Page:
Background: Biosynthetic nanomaterials have recently received increasing attention because
they are non-toxic, clean, environmentally acceptable, safe, and biocompatible.
Objective: In the present study, cell-free culture filtrate of Aspergillus sp. was used for extracellular
synthesis of zinc oxide (ZnO) nanoparticles.
MethodS: Plackett-Burman and Taguchi designs were implemented to optimize conditions for maximum
ZnO nanoparticle production. In the Plackett-Burman design, 15 factors, representing different
carbon and nitrogen sources, were studied. For the Taguchi design, an L-27 (313) standard orthogonal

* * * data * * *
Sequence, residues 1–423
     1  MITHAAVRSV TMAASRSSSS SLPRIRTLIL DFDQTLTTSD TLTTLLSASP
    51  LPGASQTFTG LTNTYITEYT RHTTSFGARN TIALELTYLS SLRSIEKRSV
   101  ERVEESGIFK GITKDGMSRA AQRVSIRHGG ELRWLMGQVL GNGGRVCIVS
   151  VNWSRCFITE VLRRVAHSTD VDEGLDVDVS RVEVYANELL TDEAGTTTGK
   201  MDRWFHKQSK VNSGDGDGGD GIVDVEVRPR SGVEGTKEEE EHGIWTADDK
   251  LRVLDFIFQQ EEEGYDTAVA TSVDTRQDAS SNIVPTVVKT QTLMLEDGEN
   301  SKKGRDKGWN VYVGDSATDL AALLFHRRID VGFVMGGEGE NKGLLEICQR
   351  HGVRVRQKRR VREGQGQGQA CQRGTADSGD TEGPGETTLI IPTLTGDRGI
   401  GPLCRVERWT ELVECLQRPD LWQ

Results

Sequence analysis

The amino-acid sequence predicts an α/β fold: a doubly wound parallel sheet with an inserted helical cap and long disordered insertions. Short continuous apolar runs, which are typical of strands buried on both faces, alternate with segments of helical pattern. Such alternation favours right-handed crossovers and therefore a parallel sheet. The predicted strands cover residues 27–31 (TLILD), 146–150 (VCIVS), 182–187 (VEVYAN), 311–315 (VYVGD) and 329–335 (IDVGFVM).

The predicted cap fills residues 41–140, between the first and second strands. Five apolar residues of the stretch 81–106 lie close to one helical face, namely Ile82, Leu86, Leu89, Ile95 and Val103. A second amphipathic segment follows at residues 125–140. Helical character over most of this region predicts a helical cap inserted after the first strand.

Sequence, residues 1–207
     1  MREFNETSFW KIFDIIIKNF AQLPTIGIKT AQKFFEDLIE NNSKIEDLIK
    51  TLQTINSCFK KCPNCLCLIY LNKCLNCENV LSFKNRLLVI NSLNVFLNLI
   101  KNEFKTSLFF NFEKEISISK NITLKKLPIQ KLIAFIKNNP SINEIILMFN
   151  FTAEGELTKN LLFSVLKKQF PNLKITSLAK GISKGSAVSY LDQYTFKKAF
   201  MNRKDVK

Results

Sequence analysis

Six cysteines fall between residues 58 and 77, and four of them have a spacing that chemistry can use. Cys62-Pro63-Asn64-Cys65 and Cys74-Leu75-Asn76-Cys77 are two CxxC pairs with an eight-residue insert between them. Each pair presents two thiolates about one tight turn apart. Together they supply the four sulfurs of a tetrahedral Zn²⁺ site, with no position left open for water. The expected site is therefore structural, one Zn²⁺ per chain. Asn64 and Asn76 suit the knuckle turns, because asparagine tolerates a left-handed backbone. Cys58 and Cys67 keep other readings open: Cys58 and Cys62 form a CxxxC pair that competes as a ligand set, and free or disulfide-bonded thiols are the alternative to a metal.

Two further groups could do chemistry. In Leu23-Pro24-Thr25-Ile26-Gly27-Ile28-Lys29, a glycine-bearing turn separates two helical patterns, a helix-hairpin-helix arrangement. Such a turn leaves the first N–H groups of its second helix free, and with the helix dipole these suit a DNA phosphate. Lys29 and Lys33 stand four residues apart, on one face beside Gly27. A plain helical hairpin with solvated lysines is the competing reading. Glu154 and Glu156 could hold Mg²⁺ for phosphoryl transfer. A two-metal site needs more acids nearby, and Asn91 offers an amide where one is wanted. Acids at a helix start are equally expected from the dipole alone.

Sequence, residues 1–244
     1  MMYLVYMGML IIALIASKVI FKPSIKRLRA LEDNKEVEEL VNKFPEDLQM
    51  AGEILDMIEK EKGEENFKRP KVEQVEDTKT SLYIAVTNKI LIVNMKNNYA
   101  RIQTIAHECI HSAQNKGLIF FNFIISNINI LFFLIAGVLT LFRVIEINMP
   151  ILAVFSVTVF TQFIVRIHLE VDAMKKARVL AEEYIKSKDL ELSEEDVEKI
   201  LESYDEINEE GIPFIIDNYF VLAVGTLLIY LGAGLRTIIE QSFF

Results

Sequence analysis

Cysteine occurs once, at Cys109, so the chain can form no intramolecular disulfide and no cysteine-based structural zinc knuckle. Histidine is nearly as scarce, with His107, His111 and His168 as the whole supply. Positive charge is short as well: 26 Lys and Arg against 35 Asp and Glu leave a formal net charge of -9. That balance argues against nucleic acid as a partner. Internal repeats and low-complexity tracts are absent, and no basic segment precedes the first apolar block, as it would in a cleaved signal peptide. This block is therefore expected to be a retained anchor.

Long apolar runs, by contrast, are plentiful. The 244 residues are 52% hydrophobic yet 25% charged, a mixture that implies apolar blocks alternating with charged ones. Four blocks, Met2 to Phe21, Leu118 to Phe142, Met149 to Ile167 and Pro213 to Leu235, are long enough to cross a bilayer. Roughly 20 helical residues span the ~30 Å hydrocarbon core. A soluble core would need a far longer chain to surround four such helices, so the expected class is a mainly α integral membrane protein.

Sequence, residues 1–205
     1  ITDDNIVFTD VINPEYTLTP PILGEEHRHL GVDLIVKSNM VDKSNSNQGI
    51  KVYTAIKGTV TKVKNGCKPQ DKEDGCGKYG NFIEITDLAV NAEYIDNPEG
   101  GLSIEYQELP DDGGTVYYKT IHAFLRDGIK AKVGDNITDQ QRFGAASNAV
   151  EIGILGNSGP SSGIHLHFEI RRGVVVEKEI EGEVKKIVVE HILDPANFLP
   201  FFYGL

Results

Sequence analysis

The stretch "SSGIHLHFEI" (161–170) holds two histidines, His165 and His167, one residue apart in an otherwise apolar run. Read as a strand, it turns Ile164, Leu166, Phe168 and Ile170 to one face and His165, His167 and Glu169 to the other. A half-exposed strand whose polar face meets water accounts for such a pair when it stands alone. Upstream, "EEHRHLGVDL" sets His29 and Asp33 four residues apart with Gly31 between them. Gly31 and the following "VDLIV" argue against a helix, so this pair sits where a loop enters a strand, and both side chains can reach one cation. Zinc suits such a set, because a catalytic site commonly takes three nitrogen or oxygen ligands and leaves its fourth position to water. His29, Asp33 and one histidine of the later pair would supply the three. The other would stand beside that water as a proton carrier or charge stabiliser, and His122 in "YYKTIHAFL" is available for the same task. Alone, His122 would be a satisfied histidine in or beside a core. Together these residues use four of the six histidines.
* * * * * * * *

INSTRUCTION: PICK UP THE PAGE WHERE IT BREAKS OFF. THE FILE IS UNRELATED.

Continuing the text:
array was constructed to examine nine factors.
Results: The maximum yield of ZnO nanoparticles of 21.73 g/L was achieved with 1.0 mM ZnSO4
under optimal conditions of peptone extract (20 g/L), yeast extract (10 g/L), meat extract (10 g/L),
K2HPO4 (0.25 g/L), FeSO4⋅7H2O (0.002 g/L), NaCl (2.5 g/L), pH 6, 32°C, and a 200-mL volume.
The ZnO nanoparticles’ production was confirmed by the formation of white aggregates. The UV
absorption spectrum showed one peak at 376 nm, which also confirmed the formation of nanoparticles.
Transmission electron microscopy revealed that the nanoparticles were large rods of 11.6-43.97
nm diameter, and 355.91 nm length. Importantly, the ZnO nanoparticles exhibited broad antimicrobial
activity against gram-positive and gram-negative bacteria and a unicellular fungus.
Conclusion: The concentrations of ZnSO4 ions, ferrous ions, and peptone and meat extracts, and the
interactions between them, were observed to be the main parameters influencing ZnO nanoparticles’